WayIn Adds Another Dimension to Polling

August 26, 2011
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77% of respondents think my bear can get into law school, but I remain skeptical

77% of respondents think my bear can get into law school, but I remain skeptical

Like others here at CTOvision.com, I’ve also begun playing around with Scott McNealy’s new venture WayIn and already see some interesting potential. WayIn allows users to ask questions about pictures they post to make visual polls for other users. You can share your questions through Facebook and Twitter, follow others, and interact with the app online or on a smartphone, though the mobile version has a better interface and is more handy. In these respects, it seems similar to other opinion polling apps such as Pollbob, but tying the questions to other media, which so far has been only pictures, is a crucial and innovative difference.

Pictures add another dimension to the polling. Some questions can only be properly asked with a visual. WayIn gives the example of getting an opinion on “the cute stranger on your right” , but I’ve used it to get responses to an art exhibit I was visiting. Other questions don’t depend on the picture but instead use it to grab attention or amuse respondents. Already, WayIn users have developed a distinctive style of humor involving the clever combinations of pictures, questions, and response options. Unlike Pollbob, which bills itself as a sentiment analysis tool, WayIn sees these non-objective surveys as an important feature. It refers to its questions not as polls but as “games”, with fun as the primary objective and opinion polling secondary, at least for now. This way, it avoids the bias problems associated with a small and select user-base. Another benefit of adding a visual dimension to questions is that it’s never limiting. While a picture is mandatory, making your question about the picture is not, as the picture can be a means to get attention or simply add an illustration. A question on internet use, for example, can have a picture of a computer, which will let users scanning suggested games identify it immediately as a tech question.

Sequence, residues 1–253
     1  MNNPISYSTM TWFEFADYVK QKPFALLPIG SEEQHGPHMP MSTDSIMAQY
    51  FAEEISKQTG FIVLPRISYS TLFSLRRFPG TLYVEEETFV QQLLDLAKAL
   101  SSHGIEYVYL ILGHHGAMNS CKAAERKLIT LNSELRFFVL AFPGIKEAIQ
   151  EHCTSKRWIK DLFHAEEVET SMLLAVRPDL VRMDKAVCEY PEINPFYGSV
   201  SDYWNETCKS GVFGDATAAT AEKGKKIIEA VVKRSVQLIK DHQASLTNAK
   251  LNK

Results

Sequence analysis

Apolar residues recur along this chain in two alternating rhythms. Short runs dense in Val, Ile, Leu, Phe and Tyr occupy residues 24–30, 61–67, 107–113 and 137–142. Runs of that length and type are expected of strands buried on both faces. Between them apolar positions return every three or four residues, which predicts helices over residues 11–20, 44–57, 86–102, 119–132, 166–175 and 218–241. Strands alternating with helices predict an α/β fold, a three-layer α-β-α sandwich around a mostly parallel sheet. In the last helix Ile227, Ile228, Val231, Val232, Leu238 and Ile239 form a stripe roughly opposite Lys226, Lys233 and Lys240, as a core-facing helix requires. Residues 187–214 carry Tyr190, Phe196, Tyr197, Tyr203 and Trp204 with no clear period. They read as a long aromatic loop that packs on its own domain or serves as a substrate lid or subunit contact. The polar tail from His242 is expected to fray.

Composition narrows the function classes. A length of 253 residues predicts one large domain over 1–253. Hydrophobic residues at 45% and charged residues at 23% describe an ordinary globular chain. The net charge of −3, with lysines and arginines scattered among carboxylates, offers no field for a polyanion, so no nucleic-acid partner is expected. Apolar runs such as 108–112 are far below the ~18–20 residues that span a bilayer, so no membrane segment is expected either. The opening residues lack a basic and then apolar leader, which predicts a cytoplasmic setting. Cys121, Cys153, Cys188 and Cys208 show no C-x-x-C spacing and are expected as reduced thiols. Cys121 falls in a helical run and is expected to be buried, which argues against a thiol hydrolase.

This innovation has tremendous potential. In its current form, the mobile, picture based games on WayIn will become much more useful as the app gains popularity, broadening the range of opinions but, more importantly, decreasing response time and increasing the probably of finding and following friends . Choosing between shirts at a store? Take a picture on your smart phone and send it to WayIn, where your friends will see it on your”stream” and provide feedback almost immediately.

We can expect that WayIn will be taken even farther than that. Imagine it being used in association with television, video games, government services and whatever else you can think up. This could be a lot of fun, allowing users to get their friend’s opinions on a scene they just saw, clear up confusing plot points, or even help a player win a game by making the right choices. The serious uses would also increase, as media and game companies would be able to get more viewer and player feedback. This cannot be done as well with text-only questions, as, for example, finding whether a certain joke in a comedy cracked the audience up or fell flat would require either asking respondents to remember the precise joke or recounting it in writing, which would spoil the effect. Going further, WayIn style polls could allow users to participate directly with their media in a choose-your-own-adventure fashion. Other novel applications would become apparent as the technology expands both in user-base and media.